Sand Hill Bridge replacement set

EAST MIDDLEBURY — The Sand Hill Bridge is on schedule to be replaced during the spring of 2014 at a cost of more than $2 million in a project that will close Route 125 through East Middlebury for 40 days.
That was the word on Monday from Vermont Agency of Transportation (VTrans) officials and representatives from the engineering firm of Vanasse Hangen Brustlin Inc. (VHB), who were on hand to explain the span replacement plan to around 25 people at a meeting at the East Middlebury United Methodist Church.
Project details are being closely monitored by East Middlebury residents, who are concerned about the impact the work might have on the Middlebury Gorge swimming hole, surrounding trees and vegetation, and traffic. The Sand Hill Bridge, erected in 1924, spans the Middlebury River over scenic Route 125, a busy road leading to Ripton, the Middlebury College Bread Loaf campus, the Snow Bowl and Route 100 in Hancock.
Chris Goodrich, lead engineer for VHB, told residents the new bridge will mimic the historic nature of the current span while providing wider passage for vehicles and pedestrians.
The current bridge is 20-feet, 6-inches wide from curb to curb, with no sidewalk. The new bridge would have a width of 36 feet, with 11-foot lanes, a 4-foot shoulder on the upstream side and a 3-foot shoulder with sidewalk on the downstream side.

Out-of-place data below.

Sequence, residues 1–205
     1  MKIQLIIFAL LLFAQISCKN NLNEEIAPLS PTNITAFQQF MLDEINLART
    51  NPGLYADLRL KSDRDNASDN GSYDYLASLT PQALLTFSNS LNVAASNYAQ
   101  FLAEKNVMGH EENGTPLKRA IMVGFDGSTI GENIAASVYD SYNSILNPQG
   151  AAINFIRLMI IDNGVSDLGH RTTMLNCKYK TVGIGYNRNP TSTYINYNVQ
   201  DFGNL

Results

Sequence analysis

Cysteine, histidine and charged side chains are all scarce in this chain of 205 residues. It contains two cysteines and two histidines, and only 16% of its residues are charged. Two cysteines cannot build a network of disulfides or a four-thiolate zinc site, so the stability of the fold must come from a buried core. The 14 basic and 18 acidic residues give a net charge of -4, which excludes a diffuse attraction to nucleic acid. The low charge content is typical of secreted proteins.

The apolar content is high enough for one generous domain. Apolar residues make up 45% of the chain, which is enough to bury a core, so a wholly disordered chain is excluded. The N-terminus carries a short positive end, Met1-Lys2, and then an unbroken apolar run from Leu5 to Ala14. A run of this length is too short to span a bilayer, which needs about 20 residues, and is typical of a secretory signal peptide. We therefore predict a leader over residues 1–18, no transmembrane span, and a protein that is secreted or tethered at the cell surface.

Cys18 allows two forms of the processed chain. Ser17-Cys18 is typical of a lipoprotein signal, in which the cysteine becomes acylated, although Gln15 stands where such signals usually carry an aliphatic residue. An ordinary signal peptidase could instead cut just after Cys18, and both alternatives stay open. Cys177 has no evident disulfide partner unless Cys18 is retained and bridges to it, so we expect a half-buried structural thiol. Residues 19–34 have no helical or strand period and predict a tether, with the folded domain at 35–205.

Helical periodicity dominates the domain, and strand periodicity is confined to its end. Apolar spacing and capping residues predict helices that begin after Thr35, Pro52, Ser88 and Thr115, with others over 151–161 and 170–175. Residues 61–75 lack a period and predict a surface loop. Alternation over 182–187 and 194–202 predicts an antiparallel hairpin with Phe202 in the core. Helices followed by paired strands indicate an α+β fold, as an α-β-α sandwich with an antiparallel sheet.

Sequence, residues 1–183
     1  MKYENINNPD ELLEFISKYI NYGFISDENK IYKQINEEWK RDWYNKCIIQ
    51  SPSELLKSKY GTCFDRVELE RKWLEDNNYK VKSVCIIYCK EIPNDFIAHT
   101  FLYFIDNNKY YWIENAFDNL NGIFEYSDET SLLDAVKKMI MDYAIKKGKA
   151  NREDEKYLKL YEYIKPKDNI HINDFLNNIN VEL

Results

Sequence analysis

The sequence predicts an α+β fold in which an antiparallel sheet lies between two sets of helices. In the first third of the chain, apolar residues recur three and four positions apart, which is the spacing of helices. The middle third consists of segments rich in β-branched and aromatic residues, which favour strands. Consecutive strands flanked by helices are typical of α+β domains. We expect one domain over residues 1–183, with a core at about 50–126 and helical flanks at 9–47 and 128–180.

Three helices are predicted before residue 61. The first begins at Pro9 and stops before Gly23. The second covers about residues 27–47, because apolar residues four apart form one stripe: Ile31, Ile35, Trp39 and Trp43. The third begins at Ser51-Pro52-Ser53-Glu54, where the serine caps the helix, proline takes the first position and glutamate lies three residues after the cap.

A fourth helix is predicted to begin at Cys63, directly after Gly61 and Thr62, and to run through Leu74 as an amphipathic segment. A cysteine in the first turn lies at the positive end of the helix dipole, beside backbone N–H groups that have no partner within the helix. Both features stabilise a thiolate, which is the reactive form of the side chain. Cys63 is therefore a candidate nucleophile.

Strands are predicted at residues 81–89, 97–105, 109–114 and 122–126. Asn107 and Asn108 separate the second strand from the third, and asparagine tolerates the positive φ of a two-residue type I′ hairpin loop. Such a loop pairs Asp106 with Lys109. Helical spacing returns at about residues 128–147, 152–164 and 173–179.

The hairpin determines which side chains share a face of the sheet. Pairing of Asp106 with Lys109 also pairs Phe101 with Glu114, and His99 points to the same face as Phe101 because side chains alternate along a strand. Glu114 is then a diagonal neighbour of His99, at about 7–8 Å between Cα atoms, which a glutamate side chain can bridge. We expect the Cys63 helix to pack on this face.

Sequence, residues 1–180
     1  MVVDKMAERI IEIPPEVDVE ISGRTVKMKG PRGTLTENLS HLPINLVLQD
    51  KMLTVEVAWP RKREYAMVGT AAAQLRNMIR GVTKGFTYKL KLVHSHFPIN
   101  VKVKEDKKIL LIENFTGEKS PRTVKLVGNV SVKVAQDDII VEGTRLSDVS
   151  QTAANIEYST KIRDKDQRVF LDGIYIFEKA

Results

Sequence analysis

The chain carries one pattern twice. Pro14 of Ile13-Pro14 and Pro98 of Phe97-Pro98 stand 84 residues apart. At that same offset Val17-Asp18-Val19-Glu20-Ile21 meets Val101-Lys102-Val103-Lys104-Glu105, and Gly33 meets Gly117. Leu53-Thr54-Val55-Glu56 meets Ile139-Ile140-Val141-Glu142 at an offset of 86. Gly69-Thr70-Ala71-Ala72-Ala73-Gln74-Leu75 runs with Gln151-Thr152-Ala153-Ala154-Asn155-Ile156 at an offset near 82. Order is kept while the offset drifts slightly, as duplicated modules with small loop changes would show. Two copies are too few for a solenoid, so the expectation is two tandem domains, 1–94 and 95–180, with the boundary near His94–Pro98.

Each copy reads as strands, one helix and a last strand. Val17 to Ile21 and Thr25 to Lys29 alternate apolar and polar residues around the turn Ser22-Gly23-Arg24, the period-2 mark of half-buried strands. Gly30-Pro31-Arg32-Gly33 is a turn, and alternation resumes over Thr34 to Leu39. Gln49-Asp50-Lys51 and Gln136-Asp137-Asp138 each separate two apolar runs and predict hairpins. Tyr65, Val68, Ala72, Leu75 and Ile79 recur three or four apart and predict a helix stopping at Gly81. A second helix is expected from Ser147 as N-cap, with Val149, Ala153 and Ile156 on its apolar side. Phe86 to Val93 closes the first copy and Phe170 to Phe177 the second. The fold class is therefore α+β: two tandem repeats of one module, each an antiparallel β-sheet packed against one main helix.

While previous project designs attempted to straighten out the pronounced curve of Route 125 in which the span is located, Goodrich explained that the final design does not.
“We are basically staying on the existing alignment,” Goodrich said.
Still, the new span will result in the centerline of Route 125 shifting to the east by around 6 feet. It is an alignment that Goodrich said will not result in any impacts to the gorge, archaeological resources (like the nearby historic ironworks) and the slope along the north side of Route 125.
When construction begins next spring, Goodrich believes work crews will probably erect a temporary platform under the bridge and slice the span into sections that will be lifted out and taken away. The platform would provide insurance against any chunks falling into the Middlebury River below.
“They won’t be dropping (the bridge) into the gorge,” Goodrich stressed.
The structure will be replaced by a pre-cast NEXT (Northeast Extreme Tee) beam bridge over a pre-cast concrete arch, according to Goodrich. It will have railing for extra pedestrian safety.
“It will look like the existing bridge,” he said of the basic design.
But the new structure will handle the daily pounding of traffic somewhat differently than the current bridge, which relies a lot on its arch to absorb the weight load.
“The actual bridge will be supported by rock, similar to what’s out there now, but we didn’t really want to attract the load right next to the gorge, so what we are doing is setting the footings back away from the walls of the gorge,” Goodrich said. “The arch itself will be very close to where the existing arch is, but that is effectively going to be non-load bearing. It is just going to support its own weight.”